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The Robe of Righteousness. Isa. 61. 10; Luke 15. 22

J. Hart                  C.M.

1
Of all the creatures God has made,
There is but man alone
That stands in need to be arrayed
In coverings not his own.

2
[By nature, bears, and bulls, and swine,
With fowls of every wing,
Are much more warm, more safe, more fine,
Than man, their fallen king.]

3
Naked and weak, we want a screen;
But when with clothes we’re decked,
Not only lies our shame unseen,
But we command respect.

4
[Can sinful souls, then, stand unclad,
Before God’s burning throne,
All bare, or, what is quite as bad,
In coverings of their own?

5
Rich garments must be worn to grace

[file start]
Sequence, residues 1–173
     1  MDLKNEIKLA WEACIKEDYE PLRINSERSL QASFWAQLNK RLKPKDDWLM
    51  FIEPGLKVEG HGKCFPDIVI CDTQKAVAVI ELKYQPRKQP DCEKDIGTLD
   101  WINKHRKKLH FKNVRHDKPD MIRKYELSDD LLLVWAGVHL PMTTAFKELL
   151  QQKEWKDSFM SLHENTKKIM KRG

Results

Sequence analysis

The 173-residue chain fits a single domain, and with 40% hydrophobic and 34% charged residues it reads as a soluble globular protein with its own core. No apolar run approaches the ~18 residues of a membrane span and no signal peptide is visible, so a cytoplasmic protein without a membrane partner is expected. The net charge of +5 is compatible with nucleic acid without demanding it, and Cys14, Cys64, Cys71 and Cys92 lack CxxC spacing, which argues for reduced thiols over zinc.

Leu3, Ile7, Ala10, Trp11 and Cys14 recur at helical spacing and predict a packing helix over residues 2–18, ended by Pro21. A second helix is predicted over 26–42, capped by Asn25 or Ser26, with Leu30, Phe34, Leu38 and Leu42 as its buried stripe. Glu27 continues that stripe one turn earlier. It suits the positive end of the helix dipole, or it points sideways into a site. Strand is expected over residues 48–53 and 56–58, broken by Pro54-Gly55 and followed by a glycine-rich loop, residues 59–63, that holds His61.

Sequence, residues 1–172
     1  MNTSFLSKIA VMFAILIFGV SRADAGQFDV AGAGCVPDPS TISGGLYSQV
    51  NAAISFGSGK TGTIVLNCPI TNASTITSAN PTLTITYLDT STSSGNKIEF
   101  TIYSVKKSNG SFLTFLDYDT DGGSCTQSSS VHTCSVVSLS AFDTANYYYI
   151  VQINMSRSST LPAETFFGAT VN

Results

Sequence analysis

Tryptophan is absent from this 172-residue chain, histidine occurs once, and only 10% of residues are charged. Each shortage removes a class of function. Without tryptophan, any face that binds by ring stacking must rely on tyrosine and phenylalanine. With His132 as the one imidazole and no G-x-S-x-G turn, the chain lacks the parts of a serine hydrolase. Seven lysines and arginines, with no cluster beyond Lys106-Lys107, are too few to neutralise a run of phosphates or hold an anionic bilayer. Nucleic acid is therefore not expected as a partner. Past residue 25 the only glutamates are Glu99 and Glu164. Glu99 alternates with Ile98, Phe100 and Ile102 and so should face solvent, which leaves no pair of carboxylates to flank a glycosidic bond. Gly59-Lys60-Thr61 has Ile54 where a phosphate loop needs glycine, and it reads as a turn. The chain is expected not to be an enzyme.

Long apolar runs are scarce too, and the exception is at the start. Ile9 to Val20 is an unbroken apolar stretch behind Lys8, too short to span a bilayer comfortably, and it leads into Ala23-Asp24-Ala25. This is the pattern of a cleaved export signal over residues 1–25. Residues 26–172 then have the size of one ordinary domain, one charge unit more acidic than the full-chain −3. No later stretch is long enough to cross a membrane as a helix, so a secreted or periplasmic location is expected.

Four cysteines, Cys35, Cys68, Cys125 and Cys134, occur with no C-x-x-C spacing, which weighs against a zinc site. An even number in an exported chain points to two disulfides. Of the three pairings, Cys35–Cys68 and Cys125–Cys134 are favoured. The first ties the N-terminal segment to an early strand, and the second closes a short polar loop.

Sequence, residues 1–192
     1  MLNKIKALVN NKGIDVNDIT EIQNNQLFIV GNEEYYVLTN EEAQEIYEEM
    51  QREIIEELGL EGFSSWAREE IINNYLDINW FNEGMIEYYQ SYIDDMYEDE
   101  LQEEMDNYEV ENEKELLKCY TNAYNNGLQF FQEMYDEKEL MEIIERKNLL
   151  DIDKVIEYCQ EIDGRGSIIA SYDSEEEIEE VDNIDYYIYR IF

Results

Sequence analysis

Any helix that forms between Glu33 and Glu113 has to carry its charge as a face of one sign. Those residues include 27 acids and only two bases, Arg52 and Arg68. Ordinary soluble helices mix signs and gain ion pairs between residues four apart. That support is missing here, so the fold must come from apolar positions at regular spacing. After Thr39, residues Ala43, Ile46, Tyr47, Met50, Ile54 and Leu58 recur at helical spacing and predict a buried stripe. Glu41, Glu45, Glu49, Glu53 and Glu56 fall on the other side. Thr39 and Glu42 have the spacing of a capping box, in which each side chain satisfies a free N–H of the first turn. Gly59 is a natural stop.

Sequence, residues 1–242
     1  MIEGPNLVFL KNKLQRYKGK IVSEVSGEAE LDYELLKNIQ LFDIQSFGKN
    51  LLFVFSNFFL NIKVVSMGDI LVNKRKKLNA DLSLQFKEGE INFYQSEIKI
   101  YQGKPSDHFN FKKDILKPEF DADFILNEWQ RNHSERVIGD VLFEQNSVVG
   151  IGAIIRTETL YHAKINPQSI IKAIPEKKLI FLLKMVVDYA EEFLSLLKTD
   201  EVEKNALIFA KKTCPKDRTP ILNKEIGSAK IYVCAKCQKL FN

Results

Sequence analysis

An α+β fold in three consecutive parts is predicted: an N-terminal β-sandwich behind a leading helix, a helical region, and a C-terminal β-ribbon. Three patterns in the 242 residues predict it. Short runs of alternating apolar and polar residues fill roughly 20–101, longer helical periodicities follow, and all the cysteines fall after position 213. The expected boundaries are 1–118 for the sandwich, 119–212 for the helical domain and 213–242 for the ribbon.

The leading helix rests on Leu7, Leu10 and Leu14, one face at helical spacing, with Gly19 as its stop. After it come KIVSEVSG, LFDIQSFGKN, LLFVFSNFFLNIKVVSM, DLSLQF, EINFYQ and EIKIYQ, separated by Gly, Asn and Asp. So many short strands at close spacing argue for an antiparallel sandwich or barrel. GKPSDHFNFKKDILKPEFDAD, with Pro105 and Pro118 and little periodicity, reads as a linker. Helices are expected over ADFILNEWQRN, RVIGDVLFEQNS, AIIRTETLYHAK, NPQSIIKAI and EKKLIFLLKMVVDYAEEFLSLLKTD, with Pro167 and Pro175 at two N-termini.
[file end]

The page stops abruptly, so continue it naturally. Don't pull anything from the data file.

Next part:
The marriage of the Lamb;
Not nasty rags to foul the place,
Nor nakedness to shame.]

6
Robes of imputed righteousness
Will gain us God’s esteem;
No naked pride, no fig-leaf dress,
How fair soe’er it seem.

7
[’Tis called a robe, perhaps to mean
Man has by nature none;
It grows not native, like our skin,
But is by faith put on.]

8
A sinner clothed in this rich vest,
And garments washed in blood,
Is rendered fit with Christ to feast,
And be the guest of God.